Dennis Day, Jo Dolan and Mayor Henry Maier.
"Irish tenor Dennis Day, a friend of Mrs. Dolan since 1962, flew in to be with her. He sang a selection of songs, including perennial Irish favorites such as 'Clancy Lowered the Boom,' 'McNamara's Band' and 'Danny Boy'."
At the dinner, emcee Tom Shanahan, of radio station WEMP quipped, "The Harp is where Jo does social work among the rich and influential."
By that time, Dolan was a member of the committee that had celebrated her patio design at The Harp. She also served on the March of Dimes board, on the city's Bicentennial Committee and as head of the Municipal Christmas Tree Committee (Day came to town in 1972 to help light the city tree). Five years later, her granddaughter says, Dolan sold The Harp to family friend Kent Wakefield and retired.
Dolan died of cancer in September 1982 at the age of 77.
"When she passed away," her granddaughter remembers, "the wake was at The Harp. We had an open bar and the total tab was over $2,000 and that was (more than 30) years ago. The current owner (restaurateur R.C. Schmidt bought it in 2008) has a little tribute to her in the menu."
Born in Brooklyn, N.Y., where he lived until he was 17, Bobby received his BA-Mass Communications from UWM in 1989 and has lived in Walker's Point, Bay View, Enderis Park, South Milwaukee and on the East Side.
He has published three non-fiction books in Italy – including one about an event in Milwaukee history, which was published in the U.S. in autumn 2010. Four more books, all about Milwaukee, have been published by The History Press.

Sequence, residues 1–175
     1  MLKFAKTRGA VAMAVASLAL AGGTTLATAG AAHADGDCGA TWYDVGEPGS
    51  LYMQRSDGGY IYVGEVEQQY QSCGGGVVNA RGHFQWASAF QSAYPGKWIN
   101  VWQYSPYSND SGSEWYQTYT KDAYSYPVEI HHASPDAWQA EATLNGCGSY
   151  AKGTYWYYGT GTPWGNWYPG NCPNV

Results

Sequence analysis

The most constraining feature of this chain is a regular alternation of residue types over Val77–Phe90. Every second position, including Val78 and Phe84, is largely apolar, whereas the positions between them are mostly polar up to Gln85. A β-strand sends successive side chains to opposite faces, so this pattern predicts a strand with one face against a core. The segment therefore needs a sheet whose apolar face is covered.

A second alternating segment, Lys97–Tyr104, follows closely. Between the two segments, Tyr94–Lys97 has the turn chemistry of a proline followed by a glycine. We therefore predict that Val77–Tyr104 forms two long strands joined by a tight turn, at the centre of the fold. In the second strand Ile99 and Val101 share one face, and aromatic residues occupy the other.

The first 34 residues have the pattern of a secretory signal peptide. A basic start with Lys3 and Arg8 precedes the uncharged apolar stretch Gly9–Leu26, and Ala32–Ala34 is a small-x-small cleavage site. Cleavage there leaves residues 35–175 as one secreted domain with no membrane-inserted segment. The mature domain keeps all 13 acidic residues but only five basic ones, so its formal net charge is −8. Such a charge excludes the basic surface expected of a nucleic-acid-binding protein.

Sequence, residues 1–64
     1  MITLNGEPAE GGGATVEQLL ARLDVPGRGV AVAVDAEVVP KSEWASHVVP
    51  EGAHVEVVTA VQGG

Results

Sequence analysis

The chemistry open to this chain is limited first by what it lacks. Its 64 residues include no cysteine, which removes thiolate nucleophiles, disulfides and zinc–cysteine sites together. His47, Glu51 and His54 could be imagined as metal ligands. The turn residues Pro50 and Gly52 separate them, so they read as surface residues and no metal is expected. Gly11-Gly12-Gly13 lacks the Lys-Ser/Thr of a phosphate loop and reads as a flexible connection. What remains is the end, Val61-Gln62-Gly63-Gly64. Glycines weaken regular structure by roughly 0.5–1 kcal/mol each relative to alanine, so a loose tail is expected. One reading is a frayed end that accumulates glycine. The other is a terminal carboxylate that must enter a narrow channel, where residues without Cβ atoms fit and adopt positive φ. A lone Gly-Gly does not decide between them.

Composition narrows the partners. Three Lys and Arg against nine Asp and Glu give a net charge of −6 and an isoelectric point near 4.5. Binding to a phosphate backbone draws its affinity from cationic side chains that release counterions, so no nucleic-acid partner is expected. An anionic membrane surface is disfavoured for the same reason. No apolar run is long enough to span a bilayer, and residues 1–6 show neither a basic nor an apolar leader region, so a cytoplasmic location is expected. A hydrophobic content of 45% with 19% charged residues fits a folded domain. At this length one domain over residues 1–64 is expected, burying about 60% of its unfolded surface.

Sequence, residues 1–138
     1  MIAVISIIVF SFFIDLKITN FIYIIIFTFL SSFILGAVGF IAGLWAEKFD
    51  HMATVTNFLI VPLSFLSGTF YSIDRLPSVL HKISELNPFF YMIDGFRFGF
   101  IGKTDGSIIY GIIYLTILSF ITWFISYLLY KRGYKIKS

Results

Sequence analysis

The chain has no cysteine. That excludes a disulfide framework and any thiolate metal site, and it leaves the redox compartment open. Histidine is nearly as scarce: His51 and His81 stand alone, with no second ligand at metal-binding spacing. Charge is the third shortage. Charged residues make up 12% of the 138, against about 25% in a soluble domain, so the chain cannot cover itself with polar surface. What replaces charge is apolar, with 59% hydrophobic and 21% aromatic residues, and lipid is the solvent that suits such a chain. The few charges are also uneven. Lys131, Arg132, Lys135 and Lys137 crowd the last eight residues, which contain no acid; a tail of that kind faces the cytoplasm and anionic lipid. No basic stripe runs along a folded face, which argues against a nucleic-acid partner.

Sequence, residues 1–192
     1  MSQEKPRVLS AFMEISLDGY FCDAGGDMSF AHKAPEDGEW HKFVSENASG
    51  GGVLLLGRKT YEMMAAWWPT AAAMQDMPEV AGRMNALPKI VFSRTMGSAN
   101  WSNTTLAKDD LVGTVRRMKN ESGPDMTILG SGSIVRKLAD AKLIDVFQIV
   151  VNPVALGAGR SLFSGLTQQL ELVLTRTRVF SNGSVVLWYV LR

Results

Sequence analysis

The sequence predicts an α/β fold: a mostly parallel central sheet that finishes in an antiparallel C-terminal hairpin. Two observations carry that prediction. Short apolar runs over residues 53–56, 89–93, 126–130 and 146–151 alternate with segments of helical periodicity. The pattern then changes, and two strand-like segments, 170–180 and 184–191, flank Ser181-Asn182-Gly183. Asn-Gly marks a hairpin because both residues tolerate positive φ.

With his most recent band, The Yell Leaders, Bobby released four LPs and had a songs featured in episodes of TV's "Party of Five" and "Dawson's Creek," and films in Japan, South America and the U.S. The Yell Leaders were named the best unsigned band in their region by VH-1 as part of its Rock Across America 1998 Tour. Most recently, the band contributed tracks to a UK vinyl/CD tribute to the Redskins and collaborated on a track with Italian novelist Enrico Remmert.
He's produced three installments of the "OMCD" series of local music compilations for OnMilwaukee.com and in 2007 produced a CD of Italian music and poetry.
In 2005, he was awarded the City of Asti's (Italy) Journalism Prize for his work focusing on that area.
He can be heard weekly on 88Nine Radio Milwaukee talking about his "Urban Spelunking" series of stories.